John Oda has been pastor of the Davis United Methodist Church for two years. On the latest “Davisville” he talks about the role of a Christian church in Davis; Christianity and gay rights; different ways of interpreting Scripture; last month’s failed prediction of the Rapture by Harold Camping, which became a nationwide story; and Oda's impression of the town he is about to leave, among other subjects. Oda will depart Davis UMC for a church in Oakland at the end of June, the time each year when United Methodist pastors usually receive new assignments.
A print newspaper for college students might seem anachronistic, but The Aggie made $50,000 more this year than it expected. On the latest Davisville, two students who edited the UC Davis paper for 2010-11 discuss how it continues to find its audience despite the shift to digital media. The guests are Mark Ling, editor for 2010-11, and Becky Peterson, who was city editor and will return as managing editor in 2011-12. The Aggie earns much less than it did several years ago, but cuts in expenses, easy access to copies on campus, and a steady focus on its audience have kept the paper a solvent part of UC Davis student life.
Joy Cohan, who steps down as director of the Davis Downtown Business Association on July 1, discusses the state of the city's main commercial district and what she has learned from four years on the job on the current “Davisville.” Among other subjects, she talks about initiatives to draw more people downtown, the “Community Covenant” to reduce the drunken excesses of Picnic Day, the gift card program that has so far produced $125,000 in sales, paid parking, and what she’s doing next.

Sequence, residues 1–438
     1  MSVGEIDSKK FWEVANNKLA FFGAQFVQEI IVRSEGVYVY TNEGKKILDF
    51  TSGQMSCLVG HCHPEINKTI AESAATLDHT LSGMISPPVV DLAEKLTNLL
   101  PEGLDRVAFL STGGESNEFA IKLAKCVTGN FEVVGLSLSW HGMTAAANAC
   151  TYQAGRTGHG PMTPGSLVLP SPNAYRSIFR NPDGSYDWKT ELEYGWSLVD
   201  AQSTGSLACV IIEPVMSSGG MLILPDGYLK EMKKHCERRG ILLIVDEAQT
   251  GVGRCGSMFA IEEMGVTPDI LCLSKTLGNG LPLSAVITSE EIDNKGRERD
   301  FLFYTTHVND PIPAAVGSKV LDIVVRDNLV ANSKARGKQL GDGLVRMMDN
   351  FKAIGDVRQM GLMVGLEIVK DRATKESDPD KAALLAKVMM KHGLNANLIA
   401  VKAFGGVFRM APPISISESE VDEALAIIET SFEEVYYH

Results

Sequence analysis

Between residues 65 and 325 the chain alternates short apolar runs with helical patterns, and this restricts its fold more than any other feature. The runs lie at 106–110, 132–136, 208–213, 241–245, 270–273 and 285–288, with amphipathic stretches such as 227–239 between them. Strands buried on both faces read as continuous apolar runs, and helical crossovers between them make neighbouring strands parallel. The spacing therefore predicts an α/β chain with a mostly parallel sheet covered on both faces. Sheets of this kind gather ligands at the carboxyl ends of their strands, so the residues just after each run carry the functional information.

Alex Pacheco and Daniel Watts, whose “Davis State of Mind” spoof has made “middle class in the middle of nowhere” a local catchphrase this spring, talk about the video, why they made it, life in Davis, the reactions they’ve heard, and more on the latest episode of “Davisville.”Pacheco and Watts graduate from the UC Davis School of Law this year. Their video, which parodies
Author Peter Grandbois, formerly of Davis, returns to “Davisville” this month. Grandbois, now an assistant professor of creative writing and contemporary literature at Denison University in Ohio, read from his new book at the Avid Reader on Picnic Day. Called Nahoonkara and set in 19th century Wisconsin and Colorado, it presents dozens of characters but focuses on three brothers as they work to remake their lives. On “Davisville,” he also discusses how the places where he has lived show up in his work, and looks ahead to his next projects, including a book told from the perspective of the creature in the 1950s science-fiction movie “The Creature from the Black Lagoon.”
The Davis Enterprise rebuilt its website and took down its paywall, at least temporarily, in February. Online Editor Jonathan Edwards called the changes part of a “giant leap into digital relevancy,” and on this edition of “Davisville” he discusses the revisions and how they’re working out so far.
The new approach steps up the Enterprise’s presence online, with the aim of making it more competitive in the increasingly digital news business.
Among other goals, the Enterprise wants to attract more comments and discussions involving online readers, plus draw in UC Davis students who are unlikely to ever pick up a printed copy of the newspaper.
Picnic Day, on April 16, is getting close. Last year’s event was plagued by off-campus drunkenness, arrests, and general obnoxiousness. This year the city, merchants and UC Davis have taken steps to inhibit that behavior. Will the countermeasures work? On this edition of “Davisville,” Entertainment Director Mac Walker and Parade Director Jennifer Mappus, both members of the student-run Picnic Day board, discuss this year’s plans, entertainment lineup, parade, and other attractions. At the end, they discuss how they will be able to tell if Picnic Day met its goals this year, and how they'll spend the day themselves.